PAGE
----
March 21, 2022
I also cover this in a YouTube video. Click here to watch!
If you have children and your plan is to leave them the bulk of your estate, how do you make sure – in the case they get married and then divorced – that their ex-spouse doesn’t get 50% of the assets that you left for your child? Today I’m sharing with you a key strategy that will fix this problem.
Here’s the thing, you can leave money “directly” to your child, but if they are married or get married in the future, they “commingle” this money – along with other assets they have to enjoy their lifestyle with their spouse – and end up getting divorced, their ex-spouse could end up with 50% of the remaining money that you left your child.
So how do we correct this problem?
The solution is something called a Testamentary Trust. You can’t go out and set one up today, but it is created upon your passing and must be designed properly inside your Will.
Back when Jim Flaherty was the Federal Finance Minister, he took away a key feature of Testamentary Trusts, and so, some lawyers – who are not familiar with the Financial Planning Benefits of a Testamentary Trust – sometimes give the wrong advice about not using this strategy in your Wills.
Here are some key Financial Planning Benefits of a Testamentary Trust:
It is set up upon the death of an individual.
The Trust is considered an “Individual” for Tax Purposes – which just means it has a separate tax return.
For the first three years of the Trust’s existence, it has graduated tax rates the same as an individual.
Provides for Income Splitting with the Beneficiaries.
Family Law Act – Divorce.
In this blog, I’ll be drilling down into those last three Benefits.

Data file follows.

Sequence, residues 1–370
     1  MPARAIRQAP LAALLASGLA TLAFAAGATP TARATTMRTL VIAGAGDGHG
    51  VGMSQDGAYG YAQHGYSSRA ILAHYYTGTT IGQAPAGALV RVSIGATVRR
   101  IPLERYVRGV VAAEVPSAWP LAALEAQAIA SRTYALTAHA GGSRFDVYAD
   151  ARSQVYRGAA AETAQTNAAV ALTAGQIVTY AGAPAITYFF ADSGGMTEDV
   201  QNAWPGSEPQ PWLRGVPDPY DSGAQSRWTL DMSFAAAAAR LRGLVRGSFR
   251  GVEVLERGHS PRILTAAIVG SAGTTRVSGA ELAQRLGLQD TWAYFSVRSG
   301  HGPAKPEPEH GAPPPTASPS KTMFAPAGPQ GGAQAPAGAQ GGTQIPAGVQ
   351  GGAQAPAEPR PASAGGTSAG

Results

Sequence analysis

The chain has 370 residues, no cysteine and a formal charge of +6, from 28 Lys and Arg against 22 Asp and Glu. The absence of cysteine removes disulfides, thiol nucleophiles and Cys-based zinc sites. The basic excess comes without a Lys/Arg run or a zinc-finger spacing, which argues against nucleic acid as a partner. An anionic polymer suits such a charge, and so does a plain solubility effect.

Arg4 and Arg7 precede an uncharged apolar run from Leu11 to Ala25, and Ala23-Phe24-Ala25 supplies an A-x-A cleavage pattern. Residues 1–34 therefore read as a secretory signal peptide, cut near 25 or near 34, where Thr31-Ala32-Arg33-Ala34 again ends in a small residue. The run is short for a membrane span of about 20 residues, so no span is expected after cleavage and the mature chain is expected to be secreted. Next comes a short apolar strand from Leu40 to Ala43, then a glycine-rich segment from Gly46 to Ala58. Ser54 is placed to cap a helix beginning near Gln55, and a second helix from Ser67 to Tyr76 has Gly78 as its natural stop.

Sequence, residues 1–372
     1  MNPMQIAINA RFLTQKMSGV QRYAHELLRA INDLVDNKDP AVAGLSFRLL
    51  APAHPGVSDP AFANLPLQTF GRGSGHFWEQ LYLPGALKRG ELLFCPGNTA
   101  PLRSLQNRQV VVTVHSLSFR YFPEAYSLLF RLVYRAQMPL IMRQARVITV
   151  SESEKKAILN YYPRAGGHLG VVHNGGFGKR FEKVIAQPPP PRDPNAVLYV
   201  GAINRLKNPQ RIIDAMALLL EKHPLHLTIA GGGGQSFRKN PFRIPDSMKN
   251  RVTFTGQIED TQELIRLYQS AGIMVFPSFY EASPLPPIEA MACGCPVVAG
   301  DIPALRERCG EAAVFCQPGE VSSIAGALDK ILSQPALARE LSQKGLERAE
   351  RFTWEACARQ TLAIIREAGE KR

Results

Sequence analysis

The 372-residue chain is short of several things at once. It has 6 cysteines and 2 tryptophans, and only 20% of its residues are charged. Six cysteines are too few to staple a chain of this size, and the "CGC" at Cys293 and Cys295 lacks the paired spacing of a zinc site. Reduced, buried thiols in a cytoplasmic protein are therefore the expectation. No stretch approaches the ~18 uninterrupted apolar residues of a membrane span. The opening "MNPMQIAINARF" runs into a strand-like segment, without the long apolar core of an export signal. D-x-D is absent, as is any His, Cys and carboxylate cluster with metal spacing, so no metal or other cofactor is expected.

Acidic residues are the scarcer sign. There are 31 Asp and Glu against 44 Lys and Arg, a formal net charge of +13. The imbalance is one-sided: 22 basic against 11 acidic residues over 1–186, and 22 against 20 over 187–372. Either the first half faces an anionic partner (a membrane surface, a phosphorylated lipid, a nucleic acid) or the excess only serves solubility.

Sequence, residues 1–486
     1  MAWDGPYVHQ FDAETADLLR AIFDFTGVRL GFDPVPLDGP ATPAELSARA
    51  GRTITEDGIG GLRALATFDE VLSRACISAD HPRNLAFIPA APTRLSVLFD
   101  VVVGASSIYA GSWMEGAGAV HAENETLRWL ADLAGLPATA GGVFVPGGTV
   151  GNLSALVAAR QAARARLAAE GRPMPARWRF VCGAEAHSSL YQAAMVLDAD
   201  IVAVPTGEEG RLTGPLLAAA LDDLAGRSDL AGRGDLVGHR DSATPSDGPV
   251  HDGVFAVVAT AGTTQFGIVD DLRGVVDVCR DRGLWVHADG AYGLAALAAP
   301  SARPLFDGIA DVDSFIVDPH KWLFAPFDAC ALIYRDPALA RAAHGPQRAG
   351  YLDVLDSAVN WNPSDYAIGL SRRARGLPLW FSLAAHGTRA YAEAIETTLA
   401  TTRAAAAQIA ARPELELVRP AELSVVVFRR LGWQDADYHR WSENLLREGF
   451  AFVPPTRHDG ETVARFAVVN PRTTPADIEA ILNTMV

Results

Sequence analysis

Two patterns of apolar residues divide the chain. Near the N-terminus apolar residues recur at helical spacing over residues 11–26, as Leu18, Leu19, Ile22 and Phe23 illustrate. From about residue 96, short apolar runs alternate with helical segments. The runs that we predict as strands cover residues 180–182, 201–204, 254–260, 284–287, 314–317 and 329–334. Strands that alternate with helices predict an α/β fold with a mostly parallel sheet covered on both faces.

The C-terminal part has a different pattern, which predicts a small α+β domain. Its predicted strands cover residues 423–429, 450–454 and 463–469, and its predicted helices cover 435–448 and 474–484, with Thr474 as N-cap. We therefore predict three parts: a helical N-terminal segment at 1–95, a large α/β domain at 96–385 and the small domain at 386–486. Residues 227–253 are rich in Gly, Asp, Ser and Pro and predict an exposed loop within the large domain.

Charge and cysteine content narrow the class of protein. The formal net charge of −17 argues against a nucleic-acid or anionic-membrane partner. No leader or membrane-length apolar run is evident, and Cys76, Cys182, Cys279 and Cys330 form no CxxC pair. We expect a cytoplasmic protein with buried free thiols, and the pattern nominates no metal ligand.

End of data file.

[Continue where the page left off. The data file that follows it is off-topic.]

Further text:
Let’s use me as an example. I have 3 children, and let’s assume my estate is worth $3M upon my passing. I have set up Testamentary Trusts in my Will for each of my children and my future grandchildren. That means each of my children would get $1M in their Testamentary Trust.
Now, as I write this, none of my children have children… at least, that I know of! However, down the road when they do have children, they could take money out of the Testamentary Trust in the name of the grandchild. Now you’re taking the money out on your grandchild’s tax return, who should be in a lower tax bracket, thereby reducing your overall tax bill. So when it comes to income splitting or what some accountants like to call “income sprinkling,” this strategy is very strategic.
If you leave money in your Will directly to your son, and he ends up getting sued, then the lawsuit can go after the money that you left your son. However, if you leave the money to your son in a Testamentary Trust, and your son then gets sued, the lawsuit can’t go after the money in the Testamentary Trust. This is huge.
Family Law Act – Divorce
As I mentioned earlier, if you leave the money directly to your daughter, and she ends up getting married and then divorced, then the ex-spouse could end up with 50% of the money you left to your daughter. However, if you left the money to your daughter in a Testamentary Trust and she gets married and divorced, then the ex-spouse will end up with nothing from the Testamentary Trust. Now, the spouse might be able to go after the cash if your daughter commingles the money from the Testamentary Trust, so it comes down to making sure she is educated properly.
If you’d like to learn more about how to set up a Testamentary Trust in your Will, contact me at the coordinates below to apply to become my client. Thanks for reading and always remember: when we design financial plans for our clients, we make sure that your money outlives you in retirement.
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By John Moakler, BMath, CFP, CLU
President and Senior Executive Financial Planner
Moakler Wealth Management
1 416 840 8544